TikTok Readies for Legal Battle After Biden Signs Latent Ban

TikTok logo | Photo by Mario Tama/Getty Images

President Joe Biden signed a bill into law on Wednesday that will ban the social media application TikTok unless ByteDance, its Chinese-based parent company, sells its shares of the company.

ByteDance will now have nine months to divest from the company or face a nationwide ban on the app. The legislation provides the president with a one-time extension of 90 days if there has been “significant progress” on the sale, according to NBC News.

This timeline means that the company could receive up to one year to fully sell its shares of TikTok, allowing the app’s 170 million users to continue accessing it during the critical months leading to the 2024 presidential election. 

The legislation requiring ByteDance to divest from TikTok was tied to the $95 billion foreign aid package that the Senate passed Tuesday, which provides funding to both Ukraine and Israel, as previously reported by The Dallas Express.

Some who favored the ban on TikTok have cited concerns about security due to ByteDance being a Chinese-based company, with Sen. Maria Cantwell (D-WA) claiming, “Congress is not acting to punish ByteDance, TikTok, or any other individual company.”

“Congress is acting to prevent foreign adversaries from conducting espionage, surveillance, maligned operations, harming vulnerable Americans, our servicemen and women, and our U.S. government personnel,” she said, as reported by NPR.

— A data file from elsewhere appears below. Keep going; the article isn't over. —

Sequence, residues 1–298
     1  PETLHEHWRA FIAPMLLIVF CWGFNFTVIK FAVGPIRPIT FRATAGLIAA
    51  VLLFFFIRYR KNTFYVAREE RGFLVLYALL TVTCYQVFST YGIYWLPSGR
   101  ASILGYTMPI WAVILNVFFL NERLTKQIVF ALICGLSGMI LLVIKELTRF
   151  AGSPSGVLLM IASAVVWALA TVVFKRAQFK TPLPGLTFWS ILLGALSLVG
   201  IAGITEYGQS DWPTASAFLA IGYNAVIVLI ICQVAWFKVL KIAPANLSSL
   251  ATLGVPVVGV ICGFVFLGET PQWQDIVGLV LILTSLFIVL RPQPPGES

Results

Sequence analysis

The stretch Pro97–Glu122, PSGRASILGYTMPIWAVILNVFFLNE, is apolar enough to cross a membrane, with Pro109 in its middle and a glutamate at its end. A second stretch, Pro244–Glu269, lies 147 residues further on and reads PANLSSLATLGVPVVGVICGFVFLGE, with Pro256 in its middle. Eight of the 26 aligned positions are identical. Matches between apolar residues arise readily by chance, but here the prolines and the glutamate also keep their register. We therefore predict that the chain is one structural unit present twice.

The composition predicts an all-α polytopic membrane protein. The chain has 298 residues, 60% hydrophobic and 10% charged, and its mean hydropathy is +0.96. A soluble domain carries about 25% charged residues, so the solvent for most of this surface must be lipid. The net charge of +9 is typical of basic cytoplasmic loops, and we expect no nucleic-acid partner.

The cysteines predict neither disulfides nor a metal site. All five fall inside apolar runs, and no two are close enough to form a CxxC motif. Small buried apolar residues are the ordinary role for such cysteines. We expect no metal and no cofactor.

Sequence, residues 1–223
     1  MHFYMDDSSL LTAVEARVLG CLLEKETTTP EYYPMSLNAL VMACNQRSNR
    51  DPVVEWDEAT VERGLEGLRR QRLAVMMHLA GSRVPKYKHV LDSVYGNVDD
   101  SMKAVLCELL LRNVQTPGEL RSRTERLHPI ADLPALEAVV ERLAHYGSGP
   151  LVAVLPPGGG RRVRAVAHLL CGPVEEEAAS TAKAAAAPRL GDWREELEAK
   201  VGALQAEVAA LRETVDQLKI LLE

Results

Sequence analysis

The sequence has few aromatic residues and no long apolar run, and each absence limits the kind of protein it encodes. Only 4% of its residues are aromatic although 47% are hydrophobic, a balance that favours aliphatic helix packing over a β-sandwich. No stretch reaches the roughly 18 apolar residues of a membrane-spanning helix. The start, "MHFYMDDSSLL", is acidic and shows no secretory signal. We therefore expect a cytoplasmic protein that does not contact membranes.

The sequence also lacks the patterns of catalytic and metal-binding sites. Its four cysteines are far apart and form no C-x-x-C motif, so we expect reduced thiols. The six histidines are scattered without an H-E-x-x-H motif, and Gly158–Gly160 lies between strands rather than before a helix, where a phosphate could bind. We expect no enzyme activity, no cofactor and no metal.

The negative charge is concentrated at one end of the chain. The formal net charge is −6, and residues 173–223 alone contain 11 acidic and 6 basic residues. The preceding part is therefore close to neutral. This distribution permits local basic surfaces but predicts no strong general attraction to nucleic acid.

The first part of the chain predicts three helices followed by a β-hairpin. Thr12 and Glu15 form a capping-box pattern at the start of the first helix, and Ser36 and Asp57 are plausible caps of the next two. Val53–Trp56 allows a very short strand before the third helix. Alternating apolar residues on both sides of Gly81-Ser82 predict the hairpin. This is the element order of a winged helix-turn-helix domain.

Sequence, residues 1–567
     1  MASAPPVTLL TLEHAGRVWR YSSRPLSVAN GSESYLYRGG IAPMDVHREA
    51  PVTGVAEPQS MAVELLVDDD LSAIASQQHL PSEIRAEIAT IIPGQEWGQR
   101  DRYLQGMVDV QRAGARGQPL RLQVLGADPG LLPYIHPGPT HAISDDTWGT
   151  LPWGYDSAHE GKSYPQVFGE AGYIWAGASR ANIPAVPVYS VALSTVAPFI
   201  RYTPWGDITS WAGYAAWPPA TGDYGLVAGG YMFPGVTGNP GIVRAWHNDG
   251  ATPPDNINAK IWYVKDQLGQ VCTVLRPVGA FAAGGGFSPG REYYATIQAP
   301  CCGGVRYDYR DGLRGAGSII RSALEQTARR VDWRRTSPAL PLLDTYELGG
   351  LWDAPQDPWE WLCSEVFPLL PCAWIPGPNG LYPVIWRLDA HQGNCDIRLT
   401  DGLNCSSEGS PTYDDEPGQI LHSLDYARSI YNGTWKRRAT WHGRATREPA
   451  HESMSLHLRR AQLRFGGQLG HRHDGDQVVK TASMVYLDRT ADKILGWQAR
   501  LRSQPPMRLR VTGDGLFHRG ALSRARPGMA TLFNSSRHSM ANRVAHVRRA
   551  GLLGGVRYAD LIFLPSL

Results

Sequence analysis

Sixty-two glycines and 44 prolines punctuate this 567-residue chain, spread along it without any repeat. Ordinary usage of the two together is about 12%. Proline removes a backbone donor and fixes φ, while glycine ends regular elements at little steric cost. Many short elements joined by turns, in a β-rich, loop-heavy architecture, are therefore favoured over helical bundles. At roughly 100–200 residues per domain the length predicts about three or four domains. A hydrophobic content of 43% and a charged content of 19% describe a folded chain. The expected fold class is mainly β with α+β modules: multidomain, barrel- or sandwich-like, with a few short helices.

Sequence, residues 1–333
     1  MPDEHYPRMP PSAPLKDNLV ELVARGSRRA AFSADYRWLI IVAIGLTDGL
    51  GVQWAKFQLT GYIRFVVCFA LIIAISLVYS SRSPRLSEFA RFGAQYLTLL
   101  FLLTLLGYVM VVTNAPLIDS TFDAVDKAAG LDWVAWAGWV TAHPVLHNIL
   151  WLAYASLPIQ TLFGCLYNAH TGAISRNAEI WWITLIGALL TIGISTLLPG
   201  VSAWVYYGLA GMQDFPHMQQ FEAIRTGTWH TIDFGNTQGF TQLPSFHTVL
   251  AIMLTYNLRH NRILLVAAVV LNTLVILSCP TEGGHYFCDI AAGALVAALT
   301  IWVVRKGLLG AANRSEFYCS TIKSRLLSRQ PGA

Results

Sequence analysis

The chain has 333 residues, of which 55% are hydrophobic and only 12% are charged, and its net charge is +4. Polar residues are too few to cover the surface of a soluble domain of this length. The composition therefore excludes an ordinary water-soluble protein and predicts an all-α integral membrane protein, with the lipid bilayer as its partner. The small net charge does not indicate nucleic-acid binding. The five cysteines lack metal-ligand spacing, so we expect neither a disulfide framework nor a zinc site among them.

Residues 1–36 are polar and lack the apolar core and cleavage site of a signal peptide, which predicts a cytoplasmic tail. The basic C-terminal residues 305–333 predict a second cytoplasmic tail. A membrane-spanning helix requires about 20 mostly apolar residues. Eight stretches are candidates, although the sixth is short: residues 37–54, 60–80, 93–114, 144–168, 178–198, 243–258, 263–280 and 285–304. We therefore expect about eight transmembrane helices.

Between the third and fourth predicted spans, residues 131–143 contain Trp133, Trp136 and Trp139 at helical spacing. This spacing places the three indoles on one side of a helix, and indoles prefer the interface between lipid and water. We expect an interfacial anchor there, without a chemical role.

TikTok CEO Shou Zi Chew has pushed back on the security concerns raised by those in support of the bill, claiming that ByteDance has never been asked to hand data over to the Chinese government. Chew said Wednesday that the company is prepared to fight the proposed ban, and he is confident that the results will favor the social media company.

“The facts and the Constitution are on our side, and we expect to prevail again,” he explained, per Variety. “While we make our case in court, you’ll still be able to enjoy TikTok like you always have.”

It remains to be seen whether the potential legal action could allow ByteDance to remain TikTok’s parent company and still operate in the U.S., but a previous attempt to ban the app was shot down in court. 

Former President Donald Trump attempted to ban the application through an executive order in 2020, but a federal judge ruled that he overstepped his authority through the action and allowed TikTok to remain, per NPR.

The proposed ban on the application is similar to legislation passed in India in 2020 that banned TikTok and multiple other Chinese apps due to concerns about ties to the Chinese government, as previously reported by The Dallas Express, though the Eastern nation implemented its ban much more quickly.

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